Are ETF Investors Jumping the Gun on Defensive Stocks? | ETF Trends

Exchange traded fund investors have piled into defensive stocks ahead of the new year, but market observers warn that the momentum behind these sectors could wane.

Defensive sector ETFs like the Health Care Select Sector SPDR Fund (NYSEArca: XLV) and the Financial Select Sector SPDR Fund (NYSEArca: XLF) reflected some the better performing areas of the S&P 500 over December, rising by 9% or more and outpacing the broader benchmark index’s 5% increase.

Moreover, in December, XLP attracted $697 million in net inflows, and XLV brought in $963 million after bringing in $1.1 billion in November, its best month since July, Reuters reports.

Investors have turned defensive in recent weeks as uncertainty over the new COVID-19 Omicron variant, elevated inflation, and a more hawkish Federal Reserve added to the more cautious market sentiment.

However, some market observers warned that the rally in defensive stocks could be running out of steam and may unwind in early 2022 as investors shift toward big technology and growth stocks again.

Zachary Hill, head of portfolio management at Horizon Investments, argued that some of the strength in defensive stocks may even come from fund managers who are taking profits on outperforming positions and rebalancing positions toward downtrodden areas like defensives, which is a common year-end strategy.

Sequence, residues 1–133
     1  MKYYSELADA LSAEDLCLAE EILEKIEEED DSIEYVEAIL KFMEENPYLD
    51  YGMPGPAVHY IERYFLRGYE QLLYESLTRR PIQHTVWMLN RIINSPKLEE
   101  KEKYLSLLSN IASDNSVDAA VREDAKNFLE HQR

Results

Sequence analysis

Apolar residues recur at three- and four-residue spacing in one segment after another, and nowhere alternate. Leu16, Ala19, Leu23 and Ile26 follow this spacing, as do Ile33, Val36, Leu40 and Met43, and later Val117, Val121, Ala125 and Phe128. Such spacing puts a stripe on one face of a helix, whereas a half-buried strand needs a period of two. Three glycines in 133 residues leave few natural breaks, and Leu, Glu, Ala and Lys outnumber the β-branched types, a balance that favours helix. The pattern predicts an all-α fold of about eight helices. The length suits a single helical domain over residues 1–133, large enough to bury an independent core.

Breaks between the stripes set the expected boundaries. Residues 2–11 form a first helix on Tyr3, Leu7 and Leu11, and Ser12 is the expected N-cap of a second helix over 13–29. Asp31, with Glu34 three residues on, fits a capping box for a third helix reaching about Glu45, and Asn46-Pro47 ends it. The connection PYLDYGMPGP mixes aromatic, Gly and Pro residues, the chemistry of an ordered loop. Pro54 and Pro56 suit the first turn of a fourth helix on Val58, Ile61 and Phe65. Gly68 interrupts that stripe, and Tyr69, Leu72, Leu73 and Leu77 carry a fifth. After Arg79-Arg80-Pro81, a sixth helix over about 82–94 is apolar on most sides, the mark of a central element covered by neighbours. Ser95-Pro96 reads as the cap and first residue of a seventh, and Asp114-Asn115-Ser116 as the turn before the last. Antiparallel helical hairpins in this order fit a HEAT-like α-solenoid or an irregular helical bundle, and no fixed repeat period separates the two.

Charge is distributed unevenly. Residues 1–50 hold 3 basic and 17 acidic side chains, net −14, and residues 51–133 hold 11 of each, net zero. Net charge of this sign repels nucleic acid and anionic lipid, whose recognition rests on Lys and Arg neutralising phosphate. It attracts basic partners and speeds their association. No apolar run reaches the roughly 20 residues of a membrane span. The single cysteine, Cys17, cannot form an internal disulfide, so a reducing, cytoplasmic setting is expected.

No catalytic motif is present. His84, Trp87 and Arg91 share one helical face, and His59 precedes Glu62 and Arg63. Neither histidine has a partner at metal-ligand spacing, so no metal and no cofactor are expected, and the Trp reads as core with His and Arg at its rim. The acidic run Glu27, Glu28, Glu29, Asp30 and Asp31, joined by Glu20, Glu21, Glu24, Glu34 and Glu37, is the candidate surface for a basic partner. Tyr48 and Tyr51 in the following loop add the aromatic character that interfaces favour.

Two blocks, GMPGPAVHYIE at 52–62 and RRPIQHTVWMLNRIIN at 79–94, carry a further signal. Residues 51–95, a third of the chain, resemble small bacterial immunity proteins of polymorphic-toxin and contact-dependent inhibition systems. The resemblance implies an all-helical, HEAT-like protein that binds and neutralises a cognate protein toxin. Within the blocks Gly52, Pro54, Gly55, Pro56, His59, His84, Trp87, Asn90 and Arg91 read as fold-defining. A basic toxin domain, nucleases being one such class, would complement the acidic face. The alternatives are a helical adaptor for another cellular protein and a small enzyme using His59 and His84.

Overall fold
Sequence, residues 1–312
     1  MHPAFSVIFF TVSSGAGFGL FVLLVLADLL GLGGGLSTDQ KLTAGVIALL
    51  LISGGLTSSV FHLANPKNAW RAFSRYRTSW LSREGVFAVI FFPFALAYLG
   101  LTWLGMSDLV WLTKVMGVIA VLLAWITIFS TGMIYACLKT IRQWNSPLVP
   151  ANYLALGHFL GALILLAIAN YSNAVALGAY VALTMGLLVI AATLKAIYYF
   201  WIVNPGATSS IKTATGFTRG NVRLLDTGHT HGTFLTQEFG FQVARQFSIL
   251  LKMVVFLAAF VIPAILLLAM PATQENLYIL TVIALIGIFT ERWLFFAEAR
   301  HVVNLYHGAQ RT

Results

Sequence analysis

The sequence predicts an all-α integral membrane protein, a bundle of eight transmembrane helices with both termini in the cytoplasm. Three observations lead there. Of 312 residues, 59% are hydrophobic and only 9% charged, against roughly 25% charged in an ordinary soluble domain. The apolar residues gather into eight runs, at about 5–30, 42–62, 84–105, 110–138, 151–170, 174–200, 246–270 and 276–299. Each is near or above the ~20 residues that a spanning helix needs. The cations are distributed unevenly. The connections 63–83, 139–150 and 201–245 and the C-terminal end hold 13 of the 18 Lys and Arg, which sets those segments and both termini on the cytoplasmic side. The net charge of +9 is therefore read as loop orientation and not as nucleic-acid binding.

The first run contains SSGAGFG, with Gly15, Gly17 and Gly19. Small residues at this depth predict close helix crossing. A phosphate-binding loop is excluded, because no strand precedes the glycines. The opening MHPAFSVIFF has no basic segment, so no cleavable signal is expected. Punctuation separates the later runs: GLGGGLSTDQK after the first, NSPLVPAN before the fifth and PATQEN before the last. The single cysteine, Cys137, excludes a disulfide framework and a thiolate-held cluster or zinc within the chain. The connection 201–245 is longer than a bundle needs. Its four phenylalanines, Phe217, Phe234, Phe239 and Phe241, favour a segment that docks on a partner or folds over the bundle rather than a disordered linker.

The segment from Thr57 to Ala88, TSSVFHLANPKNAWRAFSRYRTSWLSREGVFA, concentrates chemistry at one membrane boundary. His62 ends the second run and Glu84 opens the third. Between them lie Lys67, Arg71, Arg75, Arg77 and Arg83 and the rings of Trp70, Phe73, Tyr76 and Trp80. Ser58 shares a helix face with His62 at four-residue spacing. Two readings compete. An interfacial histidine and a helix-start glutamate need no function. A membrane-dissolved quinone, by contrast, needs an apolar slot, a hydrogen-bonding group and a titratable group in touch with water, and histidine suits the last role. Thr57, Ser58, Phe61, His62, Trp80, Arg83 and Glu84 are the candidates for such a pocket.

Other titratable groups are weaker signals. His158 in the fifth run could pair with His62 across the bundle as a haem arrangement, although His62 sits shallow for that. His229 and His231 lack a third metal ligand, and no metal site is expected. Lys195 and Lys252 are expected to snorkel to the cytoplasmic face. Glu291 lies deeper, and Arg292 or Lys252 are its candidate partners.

“It’s not terribly surprising after a really good year for stocks to see some of the laggard sectors… do a little bit better,” Hill told Reuters. “That’s something that could potentially reverse in January.”

Rob Haworth, senior investment strategist at U.S. Bank Wealth Management, also pointed out that higher Treasury yields could also weigh on defensive stocks, especially with a more hawkish Fed eyeing higher rates. The Fed signaled a faster tapering of its post-pandemic asset purchasing programs and potentially three rate hikes this year.

All in all, investors should still brace for more volatility in 2022. Hill warned that stocks are likely to be more volatile after a relatively placid 2021. The S&P 500’s one-month volatility averaged 12.5 for 2021, the lowest since 2017, according to Refinitiv data.

“It won’t be nearly as straight a line as we had this year but we still think the outlook for stocks is broadly positive,” Hill added.

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